Colorado Spruce Planting Instructions


-How to Plant a Colorado Blue Spruce Tree-

1. Find the Right Location
When you search for the perfect spot in your yard to plant your tree, keep these facts in mind: on the average, a Colorado Blue Spruce tree grows to be 35 feet high and 15 feet across. It grows best in moist, nutrient-rich, but well-drained soil. This type of evergreen prefers full or partial sun. It doesn’t grow well in shade.

2. Dig the Hole
To plant your Colorado Blue Spruce tree, you’ll need to dig a hole that’s three times the width of its rootball. The hole will need to be deep enough so when you plant the tree, the top of the rootball will be level with the surrounding ground.

3. Plant Your Tree
When you plant your Colorado Blue Spruce tree, center it in the hole. Fill the hole back up with the soil you dug out and level the top out. Then, water the tree lightly and place a couple inches of mulch around its base. The mulch will help keep the soil moist while it’s getting established in its new location.

-How to Care for a Colorado Blue Spruce Tree-

1. Water Your Young Tree Once a Week in Dry Weather
Mature Colorado Blue Spruce trees are pretty resistant to drought. However, in dry weather, you’ll need to water your young tree once a week to keep the soil moist until it’s established.

2. Prune Your Tree in the Early Spring
One fine characteristic of the Colorado Blue Spruce tree is that it doesn’t normally require pruning. The only pruning you’ll need to do on this slow grower is to remove any dead branches in the spring.

3. Fertilize in the Spring and in the Fall in Its Third Year
According to experts, Colorado Blue Spruce trees shouldn’t be fertilized for the first two years after you plant them. For the first two years, these trees need to grow their root systems. Fertilizing them stimulates top growth which they don’t need yet. Established Colorado Blue Spruce trees should be fertilized in the spring after it has started growing again. And, again in the fall after the tree has stopped growing.


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Our September Newsletter

No more summer, no more sun, nothing left, but run, run, run!!

Welcome back everyone! The beginning of September has always been a time of renewal and change… and the realization that all the planning and scheming of the first 8 months now needs to pay off.

Some say that these next four months are the only ones that really count… it’s a sprint ’till year end. But for any smart hiring manager or great HR department this is the time when the pressure to hire can make for sloppy decisions. One point that can help in good hires is an awareness of something called the “fundamental attribution error.”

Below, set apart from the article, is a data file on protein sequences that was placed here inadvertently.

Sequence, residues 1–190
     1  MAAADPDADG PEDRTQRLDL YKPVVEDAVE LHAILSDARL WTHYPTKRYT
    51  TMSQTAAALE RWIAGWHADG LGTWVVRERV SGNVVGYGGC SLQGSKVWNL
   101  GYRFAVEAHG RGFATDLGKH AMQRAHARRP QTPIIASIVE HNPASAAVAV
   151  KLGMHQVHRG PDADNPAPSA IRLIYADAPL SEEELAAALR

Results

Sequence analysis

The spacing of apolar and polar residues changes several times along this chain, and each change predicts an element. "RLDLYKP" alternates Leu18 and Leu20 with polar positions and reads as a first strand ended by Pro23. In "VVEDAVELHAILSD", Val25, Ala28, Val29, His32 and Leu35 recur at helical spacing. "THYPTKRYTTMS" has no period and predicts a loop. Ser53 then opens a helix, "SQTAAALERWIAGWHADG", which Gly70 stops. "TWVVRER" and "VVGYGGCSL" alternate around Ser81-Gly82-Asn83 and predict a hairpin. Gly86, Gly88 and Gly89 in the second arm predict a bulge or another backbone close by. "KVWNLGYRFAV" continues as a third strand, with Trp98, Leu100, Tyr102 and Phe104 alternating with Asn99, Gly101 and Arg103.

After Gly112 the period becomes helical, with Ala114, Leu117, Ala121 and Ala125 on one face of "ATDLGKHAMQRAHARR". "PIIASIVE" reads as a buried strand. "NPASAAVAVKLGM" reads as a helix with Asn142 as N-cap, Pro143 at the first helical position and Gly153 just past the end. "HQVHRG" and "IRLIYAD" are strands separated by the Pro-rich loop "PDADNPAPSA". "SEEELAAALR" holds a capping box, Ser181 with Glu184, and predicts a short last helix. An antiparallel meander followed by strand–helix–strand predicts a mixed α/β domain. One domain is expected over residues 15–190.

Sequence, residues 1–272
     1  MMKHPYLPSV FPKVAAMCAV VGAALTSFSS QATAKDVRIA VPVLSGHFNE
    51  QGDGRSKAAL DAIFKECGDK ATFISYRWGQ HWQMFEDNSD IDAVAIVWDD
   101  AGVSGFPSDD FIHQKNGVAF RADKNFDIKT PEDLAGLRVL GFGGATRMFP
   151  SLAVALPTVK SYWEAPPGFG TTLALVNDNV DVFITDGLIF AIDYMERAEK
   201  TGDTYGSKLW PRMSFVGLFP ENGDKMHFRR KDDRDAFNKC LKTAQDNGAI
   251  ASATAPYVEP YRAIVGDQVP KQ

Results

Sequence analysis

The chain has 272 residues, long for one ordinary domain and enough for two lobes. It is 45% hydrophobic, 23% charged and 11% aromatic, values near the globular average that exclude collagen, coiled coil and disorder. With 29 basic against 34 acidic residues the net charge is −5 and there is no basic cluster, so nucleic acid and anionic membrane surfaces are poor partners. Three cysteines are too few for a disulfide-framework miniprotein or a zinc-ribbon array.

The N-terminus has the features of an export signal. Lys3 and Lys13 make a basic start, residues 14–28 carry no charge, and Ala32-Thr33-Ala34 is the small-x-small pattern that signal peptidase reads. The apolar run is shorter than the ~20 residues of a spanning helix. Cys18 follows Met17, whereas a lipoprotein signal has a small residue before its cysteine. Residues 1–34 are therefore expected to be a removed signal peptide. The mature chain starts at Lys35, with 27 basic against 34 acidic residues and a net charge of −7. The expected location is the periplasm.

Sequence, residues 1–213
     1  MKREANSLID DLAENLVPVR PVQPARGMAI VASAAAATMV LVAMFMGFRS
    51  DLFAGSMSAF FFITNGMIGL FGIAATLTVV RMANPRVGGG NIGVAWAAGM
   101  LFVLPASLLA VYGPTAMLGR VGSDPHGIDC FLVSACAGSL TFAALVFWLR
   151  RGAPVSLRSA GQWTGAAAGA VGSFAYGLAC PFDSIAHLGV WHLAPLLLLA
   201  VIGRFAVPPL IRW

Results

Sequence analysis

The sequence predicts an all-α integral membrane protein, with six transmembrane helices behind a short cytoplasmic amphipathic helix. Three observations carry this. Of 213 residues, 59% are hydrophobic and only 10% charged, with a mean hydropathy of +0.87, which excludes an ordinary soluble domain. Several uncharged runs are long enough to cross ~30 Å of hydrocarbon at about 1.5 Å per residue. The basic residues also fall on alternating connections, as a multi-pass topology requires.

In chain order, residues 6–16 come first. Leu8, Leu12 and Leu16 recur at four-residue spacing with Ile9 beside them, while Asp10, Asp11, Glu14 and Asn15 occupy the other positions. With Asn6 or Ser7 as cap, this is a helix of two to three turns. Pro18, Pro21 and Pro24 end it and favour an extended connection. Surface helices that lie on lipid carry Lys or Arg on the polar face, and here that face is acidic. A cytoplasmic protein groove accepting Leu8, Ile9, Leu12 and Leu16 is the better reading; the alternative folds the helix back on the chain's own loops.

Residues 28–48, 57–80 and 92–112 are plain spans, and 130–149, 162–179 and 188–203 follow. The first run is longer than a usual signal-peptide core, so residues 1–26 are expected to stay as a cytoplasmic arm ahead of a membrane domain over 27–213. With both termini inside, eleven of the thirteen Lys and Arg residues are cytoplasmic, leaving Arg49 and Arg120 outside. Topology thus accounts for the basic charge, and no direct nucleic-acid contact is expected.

If you haven’t heard of this then you may be hiring the wrong people, for the wrong reasons.

In a recent article by Anna Secino for “Working Knowledge”, Article link, the online magazine for the Harvard Business School, she interviews Francesca Gino (Associate Professor), who was part of a research study asking why businesses hire candidates solely on past job performance. They discovered that companies hire people who have done a job successfully in the past and assume that they must be able to do the job they need to fill in the future. But is it correct to assume that past performance guarantees future success?

“Across all our studies, the results suggest the experts (recruiters and hiring managers) take high performance as evidence of high ability and do not sufficiently discount it by the ease with which that performance was achieved”.

Any agency or corporate recruiter will tell you this has been going on since the dawn of time and probably for a couple of understandable reasons. We like people who are successful. We need to make quick decisions. Detailed, in-depth questions may look like stalling. Or, we take the easy way, knowing that we can always CYA by saying “They looked good on paper.”

The fundamental attribution error allows for a recruiting team to hire people by believing too much in what’s on a piece of paper. Don’t believe the hype and don’t let the pressure of the next four months affect your diligence. Good hires take time and lots of questions – if you’re not doing this is your 3rd party agency? Now that is a good question!

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Networking – A Professional Recruiters Point Of View

Thoughts on networking from a professional recruiter

Three times a week I speak with someone who has lost their job. Although I am sure that this is a function of the current economy, after 16 years of recruiting you can just imagine how many people that I have counseled on job search and getting over the pain of losing their job and moving on.

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5 Tips to Consider When Being Downsized

It hits like a ton of bricks. Until you or someone close to you has been let go from their job you can’t describe the feelings or the pain it causes. It is a huge blow particularly to your ego and it is scary. Most people will experience this at least once in their career and the older you get or the longer you were with the company, the harder it hits you.

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Competing Big or Small in Commercial Real Estate

Competing Big or Small
If you are part of a smaller Commercial Real Estate firm competing against large Global organizations, these tools and data services will make you stand out in the crowd. Although all of the large Global firms are implementing these and many other tools, change is slower and involves far more time to adapt. Planning the right blend of the right tools and data is relatively straightforward. Executing this for a team of 20 is relatively straightforward. Implementing for a global team of 1,000 or 5,000 is substantially more complex and timely.

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